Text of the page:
When Banana Ruled

Richard Stanley

Administrator
I watched the following documentary last night. While I new the gist of the story, from such as learning about General Butler's story of the U.S. Marines involvement in putting down the Nicaraguan worker's rebellion against America's United Fruit Company, the level of detail and documentation is impressive. Also a lot of footage from the period. I was having trouble staying awake toward the end so I don't know if it went into the Nicaragua business.

It is this business model that gave birth to the term 'banana republic', of which the USA has been the top banana for some time, superceding the Euro Imperial-colonizers, with such as the British East-India Company. The opium and heroin trade which made the British upper crust, especially the crown, bloody rich. Of course, such as Eric Prince was finagling with the Trump administration to run the heroin republic of Afghanistan. They came up with a cover story to make the enterprise about terror suppression and extracting a trillion dollars of mineral wealth. But the real story is opium and the controlled opposition called the Taliban.

Note also, that virtual slavery, after the institution being shut down in the USA, was just moved 'offshore'. Offshoring before 'offshoring'.

Bananas are everywhere: Americans eat nearly 10 billion of them per year, consuming more pounds of bananas than apples and oranges combined.
WHEN BANANA RULED tells the story of the men who made bananas the most ubiquitous fruit in the world, through a multinational empire that dominated production and sales, overthrew governments, and created a business model still largely used by today’s tech giants.
The story of bananas as commodities begins with a failed railway project started in Costa Rica in 1871, led by American Minor Cooper Keith. When the Costa Rican government defaulted on its payments to Keith for its construction, the businessman faced ruin. His salvation? Bananas. Keith would go on to co-found the United Fruit Company and within decades—after a concerted campaign led by the father of public relations, Edward Bernays—bananas became a staple of the North American diet. Animated mascot Miss Chiquita Banana was a pop culture icon, doctors recommended bananas as an ideal food for children, and bananas popped up in movies and Broadway musicals.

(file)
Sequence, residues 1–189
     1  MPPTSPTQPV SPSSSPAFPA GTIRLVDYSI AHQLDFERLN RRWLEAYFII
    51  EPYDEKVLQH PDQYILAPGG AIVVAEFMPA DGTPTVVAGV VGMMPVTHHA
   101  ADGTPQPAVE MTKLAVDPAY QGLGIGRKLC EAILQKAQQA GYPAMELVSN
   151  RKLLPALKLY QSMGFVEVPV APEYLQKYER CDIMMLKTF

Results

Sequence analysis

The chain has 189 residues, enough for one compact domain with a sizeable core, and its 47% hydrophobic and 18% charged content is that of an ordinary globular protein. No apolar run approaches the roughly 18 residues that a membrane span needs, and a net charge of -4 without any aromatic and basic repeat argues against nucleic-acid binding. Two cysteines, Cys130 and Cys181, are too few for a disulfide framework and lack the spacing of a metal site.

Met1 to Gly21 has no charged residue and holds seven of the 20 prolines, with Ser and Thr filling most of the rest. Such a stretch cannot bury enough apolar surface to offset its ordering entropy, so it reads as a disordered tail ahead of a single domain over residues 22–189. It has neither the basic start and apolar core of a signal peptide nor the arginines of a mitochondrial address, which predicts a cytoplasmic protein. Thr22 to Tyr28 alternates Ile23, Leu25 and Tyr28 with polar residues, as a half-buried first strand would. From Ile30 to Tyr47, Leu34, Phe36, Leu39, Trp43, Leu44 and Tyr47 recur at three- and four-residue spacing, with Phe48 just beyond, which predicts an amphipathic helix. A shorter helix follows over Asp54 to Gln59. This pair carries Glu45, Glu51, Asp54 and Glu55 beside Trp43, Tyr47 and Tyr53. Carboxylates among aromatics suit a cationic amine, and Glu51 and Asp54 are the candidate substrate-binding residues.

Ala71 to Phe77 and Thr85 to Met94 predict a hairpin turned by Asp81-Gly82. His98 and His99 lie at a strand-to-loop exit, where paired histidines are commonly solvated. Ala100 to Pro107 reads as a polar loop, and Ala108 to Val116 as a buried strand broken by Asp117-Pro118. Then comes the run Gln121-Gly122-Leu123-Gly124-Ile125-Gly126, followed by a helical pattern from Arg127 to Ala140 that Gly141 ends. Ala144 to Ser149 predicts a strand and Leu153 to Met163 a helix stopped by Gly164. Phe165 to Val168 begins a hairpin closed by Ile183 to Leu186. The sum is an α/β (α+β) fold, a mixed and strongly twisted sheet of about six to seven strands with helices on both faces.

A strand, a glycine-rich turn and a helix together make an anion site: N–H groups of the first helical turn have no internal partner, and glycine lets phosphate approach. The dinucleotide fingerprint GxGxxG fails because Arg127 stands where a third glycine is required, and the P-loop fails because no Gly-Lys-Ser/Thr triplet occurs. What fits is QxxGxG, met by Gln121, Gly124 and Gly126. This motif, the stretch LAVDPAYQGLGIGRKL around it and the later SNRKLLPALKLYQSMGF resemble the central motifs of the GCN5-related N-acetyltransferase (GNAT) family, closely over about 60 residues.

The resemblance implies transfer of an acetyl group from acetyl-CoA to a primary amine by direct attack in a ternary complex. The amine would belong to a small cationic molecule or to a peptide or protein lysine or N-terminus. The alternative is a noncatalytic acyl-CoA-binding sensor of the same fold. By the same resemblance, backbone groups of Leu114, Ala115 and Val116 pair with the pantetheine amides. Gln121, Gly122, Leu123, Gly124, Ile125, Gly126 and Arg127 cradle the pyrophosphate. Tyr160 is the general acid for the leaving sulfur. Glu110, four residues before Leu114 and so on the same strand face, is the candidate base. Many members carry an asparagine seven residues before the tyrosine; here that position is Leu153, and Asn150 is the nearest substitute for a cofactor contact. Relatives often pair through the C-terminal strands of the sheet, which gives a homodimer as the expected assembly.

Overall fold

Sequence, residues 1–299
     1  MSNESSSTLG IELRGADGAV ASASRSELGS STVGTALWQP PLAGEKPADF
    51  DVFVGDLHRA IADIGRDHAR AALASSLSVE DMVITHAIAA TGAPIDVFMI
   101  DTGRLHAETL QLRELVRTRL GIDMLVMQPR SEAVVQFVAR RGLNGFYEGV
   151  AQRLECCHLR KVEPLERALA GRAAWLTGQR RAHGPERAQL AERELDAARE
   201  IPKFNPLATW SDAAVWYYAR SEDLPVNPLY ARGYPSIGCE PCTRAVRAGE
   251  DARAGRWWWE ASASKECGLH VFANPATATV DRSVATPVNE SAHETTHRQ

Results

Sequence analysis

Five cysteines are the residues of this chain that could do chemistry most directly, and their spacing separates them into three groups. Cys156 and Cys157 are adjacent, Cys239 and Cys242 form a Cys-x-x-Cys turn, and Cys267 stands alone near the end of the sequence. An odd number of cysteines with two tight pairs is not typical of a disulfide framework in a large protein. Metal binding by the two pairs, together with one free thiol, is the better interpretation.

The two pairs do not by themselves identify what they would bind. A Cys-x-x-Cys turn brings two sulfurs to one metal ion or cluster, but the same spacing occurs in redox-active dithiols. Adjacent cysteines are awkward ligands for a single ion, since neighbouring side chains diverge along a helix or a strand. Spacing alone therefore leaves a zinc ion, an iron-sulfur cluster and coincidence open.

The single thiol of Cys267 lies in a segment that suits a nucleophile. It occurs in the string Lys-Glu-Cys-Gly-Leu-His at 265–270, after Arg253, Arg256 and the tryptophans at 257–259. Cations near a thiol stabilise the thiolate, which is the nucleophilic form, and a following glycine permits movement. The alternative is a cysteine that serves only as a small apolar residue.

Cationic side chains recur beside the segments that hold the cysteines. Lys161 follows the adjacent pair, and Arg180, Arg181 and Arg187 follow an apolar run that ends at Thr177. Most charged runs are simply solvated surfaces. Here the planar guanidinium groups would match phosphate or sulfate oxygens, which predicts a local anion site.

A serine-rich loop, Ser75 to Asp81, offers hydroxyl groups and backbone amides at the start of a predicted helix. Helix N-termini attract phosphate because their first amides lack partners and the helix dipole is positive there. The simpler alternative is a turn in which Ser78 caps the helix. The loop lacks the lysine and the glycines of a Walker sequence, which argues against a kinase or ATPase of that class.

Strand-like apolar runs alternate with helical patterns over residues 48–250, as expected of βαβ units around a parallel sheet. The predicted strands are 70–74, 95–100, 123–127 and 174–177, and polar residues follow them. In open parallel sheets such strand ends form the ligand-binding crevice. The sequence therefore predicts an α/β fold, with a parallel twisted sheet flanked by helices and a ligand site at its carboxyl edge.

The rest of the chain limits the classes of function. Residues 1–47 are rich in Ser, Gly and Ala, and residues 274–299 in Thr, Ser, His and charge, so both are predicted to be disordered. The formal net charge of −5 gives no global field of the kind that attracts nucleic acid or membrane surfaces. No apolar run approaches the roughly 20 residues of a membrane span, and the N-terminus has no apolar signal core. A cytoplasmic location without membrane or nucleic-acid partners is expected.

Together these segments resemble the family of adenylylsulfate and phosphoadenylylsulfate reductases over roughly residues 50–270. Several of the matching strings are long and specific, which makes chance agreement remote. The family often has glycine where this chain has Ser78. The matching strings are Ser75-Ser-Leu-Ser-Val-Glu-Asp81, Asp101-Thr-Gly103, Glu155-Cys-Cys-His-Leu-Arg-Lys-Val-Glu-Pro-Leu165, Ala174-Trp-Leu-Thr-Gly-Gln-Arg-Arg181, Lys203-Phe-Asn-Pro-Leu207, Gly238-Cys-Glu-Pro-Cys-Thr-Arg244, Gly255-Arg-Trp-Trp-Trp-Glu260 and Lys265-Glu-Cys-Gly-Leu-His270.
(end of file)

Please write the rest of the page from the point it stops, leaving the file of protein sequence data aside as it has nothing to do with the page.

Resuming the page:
But, as WHEN BANANA RULED documents, the entire enterprise was built on a rapacious, imperialist business model that required the domination of countries including Guatemala, Honduras, and Colombia. United Fruit took over critical national infrastructure like railways and ports, rapidly expanded plantations by displacing small (often Indigenous) farmers, bought itself favorable legislation, and, like today’s largest companies, sheltered profits offshore to avoid taxes.
Life on the plantations was a world within a world: A strict hierarchy with white managers from the best business schools, foremen from the US South (recruited for their knowledge of slavery), and black laborers paid largely in company food coupons and strictly forbidden to unionize. When a new, revolutionary government was formed in Guatemala, United Fruit’s plantations were nationalized. What happened next came straight from the playbook that would dominate US foreign policy in the region: claim a Communist threat, persuade legislators back home of its dangers, bomb the country, and install a new, pro-American and pro-business regime.
Using a rich trove of archival footage and documents, including letters to and from lobbyists, telegrams, vintage ads and movie clips, and gorgeous, hand-tinted stills, WHEN BANANA RULED is a story of intrigue that touches on economics, international politics, the history of multinational business and reveals how an array of forces conquered the world through a simple fruit. ...

Here is a brief clip:


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